It changes endlessly, and that is the truth; sometimes it glistens in the rain or almost rings under the sun; sometimes there is frost or fog or snow and sometimes there are the most strange and beautiful clouds overhead that it is almost unbelievable; but all in all they are still the same roofs and chimneys (and the occasional chimney sweep) with the same windows, with servants (sometimes different ones) shaking dustcloths out the windows, and the same yards and the neighbors’ children—in short, these are just the sort of things you can see out of any window. It is probably the same for you.
And in addition to these daily sights there is another view, an auditory one, if I might put it that way. The same sounds come in the window every day; you scarcely note them as they happen, but you know that if they did not come at their appointed time that you would notice something lacking and begin to listen intently. This is why Sundays and holidays are somehow oppressive, because that daily aural backdrop is different; suppressed and thinned out. The world is not so full or so real on those days. How could you not recognize the sounds of your part of town? I know them so well I know nothing of them as they happen. Hammer away, carpenters, shaping the timbers of a new row of houses, you are no bother; rattle on, coal carts, roar and shout, heavy motors straining up hill; and you, airplane, droning overhead—it does not touch me. What sort of new and unaccustomed sound would there have to be to summon me to the window? The bugle and bass of country musicians would do that; I’d jump up and go look and the old man blowing into his horn. Or the sounds of cows and heifers and the high-pitched calves, that beautiful, husky, the thirds and fifths of the mountain pastures. Or a song for seven singers. In any of those events I would leap up from my work and tear over to the window to see where—where—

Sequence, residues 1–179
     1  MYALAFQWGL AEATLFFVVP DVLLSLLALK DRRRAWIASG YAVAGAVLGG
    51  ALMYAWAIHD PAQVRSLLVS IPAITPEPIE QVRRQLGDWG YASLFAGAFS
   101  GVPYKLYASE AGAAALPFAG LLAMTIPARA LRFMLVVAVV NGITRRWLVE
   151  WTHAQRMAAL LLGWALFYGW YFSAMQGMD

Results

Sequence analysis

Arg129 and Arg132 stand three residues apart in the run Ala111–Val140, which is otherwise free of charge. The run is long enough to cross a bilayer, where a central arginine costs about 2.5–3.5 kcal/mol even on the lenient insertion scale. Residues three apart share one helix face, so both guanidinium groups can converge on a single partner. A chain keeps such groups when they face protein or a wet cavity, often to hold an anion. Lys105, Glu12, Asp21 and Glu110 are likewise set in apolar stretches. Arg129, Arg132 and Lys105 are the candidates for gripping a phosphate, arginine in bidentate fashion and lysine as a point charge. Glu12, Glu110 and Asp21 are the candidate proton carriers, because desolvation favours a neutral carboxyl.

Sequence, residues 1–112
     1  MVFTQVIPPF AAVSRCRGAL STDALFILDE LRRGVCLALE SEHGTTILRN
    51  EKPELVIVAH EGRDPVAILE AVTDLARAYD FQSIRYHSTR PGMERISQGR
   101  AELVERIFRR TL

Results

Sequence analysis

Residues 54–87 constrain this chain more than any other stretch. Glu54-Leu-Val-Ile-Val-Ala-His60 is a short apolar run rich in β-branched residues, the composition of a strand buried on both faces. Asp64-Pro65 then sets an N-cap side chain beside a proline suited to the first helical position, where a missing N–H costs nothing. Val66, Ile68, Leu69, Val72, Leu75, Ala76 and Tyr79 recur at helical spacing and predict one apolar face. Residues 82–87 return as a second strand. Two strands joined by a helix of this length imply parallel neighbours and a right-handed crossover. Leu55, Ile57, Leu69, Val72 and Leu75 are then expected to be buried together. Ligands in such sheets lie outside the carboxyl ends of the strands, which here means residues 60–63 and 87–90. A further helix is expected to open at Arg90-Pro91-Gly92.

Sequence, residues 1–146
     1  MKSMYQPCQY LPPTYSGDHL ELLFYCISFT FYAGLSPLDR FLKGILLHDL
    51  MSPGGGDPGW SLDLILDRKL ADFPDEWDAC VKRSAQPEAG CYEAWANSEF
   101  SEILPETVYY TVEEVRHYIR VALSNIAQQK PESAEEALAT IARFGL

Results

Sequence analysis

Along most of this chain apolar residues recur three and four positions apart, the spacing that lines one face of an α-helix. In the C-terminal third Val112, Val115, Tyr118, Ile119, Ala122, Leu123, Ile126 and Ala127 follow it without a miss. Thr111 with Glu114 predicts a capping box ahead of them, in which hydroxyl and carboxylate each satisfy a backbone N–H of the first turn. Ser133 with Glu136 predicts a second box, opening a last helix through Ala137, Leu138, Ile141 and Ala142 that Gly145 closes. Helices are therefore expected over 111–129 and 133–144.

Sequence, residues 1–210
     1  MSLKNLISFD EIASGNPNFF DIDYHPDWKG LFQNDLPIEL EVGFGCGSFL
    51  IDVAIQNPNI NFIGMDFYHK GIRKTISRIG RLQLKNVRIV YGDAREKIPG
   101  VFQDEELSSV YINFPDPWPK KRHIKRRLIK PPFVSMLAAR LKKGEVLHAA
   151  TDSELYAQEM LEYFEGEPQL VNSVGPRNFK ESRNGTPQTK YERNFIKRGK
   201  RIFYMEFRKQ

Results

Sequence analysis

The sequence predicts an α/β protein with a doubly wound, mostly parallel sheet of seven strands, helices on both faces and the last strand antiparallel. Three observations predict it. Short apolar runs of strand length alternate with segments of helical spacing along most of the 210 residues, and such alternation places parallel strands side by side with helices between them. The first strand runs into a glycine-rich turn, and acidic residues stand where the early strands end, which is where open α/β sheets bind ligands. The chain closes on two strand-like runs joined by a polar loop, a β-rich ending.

Suddenly I hear a boom. It is ten-twenty in the morning. So what does that boom imply? Maybe the soldiers are drilling down in the fields; perhaps it is a mortar or a detonation, as they call it, but the soldiers nearby have already finished drilling and are headed home singing, “oh, you will regret, you will regret this, my love.” Well, it could be the trams clanking, or the boards pounding over at the construction site; perhaps they have torn down some scaffolding. A number of loud noises have already fallen into this beloved daily din at the edge of town. Whooo, whooo, wheezes the powerful locomotive; and hear the iron squeal on the bumpers. And that freight truck tries to brake as it hurtles noisily downhill. “Hey, hey,” the coachmen might shout, “why did they load on so much?” And I know that other sound, that is the children whistling as they go to school. The barking of a puppy. The clanking of a steamroller. The sonorous clacking of bricklayers laying. I don’t have to get up from my work; repetition has already brought these sounds here into my space, and so much the better, for they are so extensive and vibrant.
At ten-twenty there was a gas explosion in an apartment a few blocks away. It was a proper boom, but before I could evaluate it, is disappeared into this living, bustling, crashing polyphony at the edge of town as though it belonged there, as if it had already been written down beforehand in the sheet music.
Boom. One strike of the drum to keep the beat.